Every time that you turn on your tap, you could be filling that glass with impurities instead of pure water. Of course, you can buy bottled water but you can’t always be certain where that comes from. Another option is filtering your own water home like with the ZeroWater filter pitcher I have been using for cleaning out some of the nasty extras such minerals, chemicals, salts, and metals that also may be in there.
I never tried any water filtering pitchers because the taste of our water tasted fine except for the occasions when the water company was doing repair work or a contaminant problem with algae that meant adding additional chlorine to the water. Nonetheless, our public water systems have aging pipes besides the chemicals used to treat the water that was making me start to wonder about filtering water. Therefore, when ZeroWater filter pitcher reached out about reviewing one, I was curious what sort of difference it could make.
The ZeroWater filter pitcher that arrived is a 10-cup model but has a 12-cup capacity in its water filter jug that has a sealed lid and reservoir. The spout is a pull and pour button. You also get a meter for testing the levels of total dissolved solids, which can really open your eyes to what you are drinking when you begin to test.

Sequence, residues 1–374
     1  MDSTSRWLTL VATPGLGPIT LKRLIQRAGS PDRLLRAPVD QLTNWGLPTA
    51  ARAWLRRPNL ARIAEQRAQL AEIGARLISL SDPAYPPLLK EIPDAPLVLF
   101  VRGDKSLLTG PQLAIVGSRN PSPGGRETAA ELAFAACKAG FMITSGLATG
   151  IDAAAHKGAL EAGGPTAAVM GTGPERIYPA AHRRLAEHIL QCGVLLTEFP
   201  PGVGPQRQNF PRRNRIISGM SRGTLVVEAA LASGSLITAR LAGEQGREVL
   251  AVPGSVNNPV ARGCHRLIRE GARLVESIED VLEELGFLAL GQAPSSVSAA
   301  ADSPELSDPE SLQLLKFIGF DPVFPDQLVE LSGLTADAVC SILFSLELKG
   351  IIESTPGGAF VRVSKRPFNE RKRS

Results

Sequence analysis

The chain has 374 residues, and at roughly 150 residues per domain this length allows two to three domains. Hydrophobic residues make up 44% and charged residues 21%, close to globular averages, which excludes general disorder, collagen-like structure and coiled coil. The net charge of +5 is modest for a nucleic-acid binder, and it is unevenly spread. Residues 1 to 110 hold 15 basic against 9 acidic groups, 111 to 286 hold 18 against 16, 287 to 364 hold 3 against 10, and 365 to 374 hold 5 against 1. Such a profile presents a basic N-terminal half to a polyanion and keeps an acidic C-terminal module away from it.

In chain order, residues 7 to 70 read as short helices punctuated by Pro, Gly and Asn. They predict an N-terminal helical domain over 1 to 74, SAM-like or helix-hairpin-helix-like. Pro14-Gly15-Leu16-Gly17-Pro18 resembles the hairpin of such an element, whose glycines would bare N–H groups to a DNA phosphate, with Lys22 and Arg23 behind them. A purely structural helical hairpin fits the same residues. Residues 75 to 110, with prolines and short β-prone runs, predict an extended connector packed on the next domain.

How the ZeroWater filter pitcher is designed to purify the water involves a five-stage filtration process compared to the typical carbon-based two-stage filtering water pitchers. It is advertised to remove lead, chromium, hydrogen sulfide and 99.6% radium and 99% total dissolved solids.
Like I said, I can’t compare this ZeroWater filter pitcher to other brands, but my water measured 220 straight from the tap. Furthermore, filtering a pitcher of water wasn’t instantaneous, but took about six minutes for it to purify all I poured in.
Depending on what part of the country you live in, your water could have lower or much higher levels of total dissolved solids, especially if you live out West. This means that your filter life could be longer or shorter due to your water. Either case, you need to replace the filter when the meter shows 006.
The only drawback to the ZeroWater filter pitcher is the cost of replacing those filters. You can expect to pay about $12 per filter. In addition, the pitcher didn’t have as tight of a seal that it could have when later pouring out the filtered water. However, my water using this filtering pitcher does make it taste better with less of a chemical sort of taste.
If healthier drinking water is important to you, then you may want to check out the company’s website and their ZeroWater video. You can find ZeroWater filter pitchers and replacement filters at Walmart.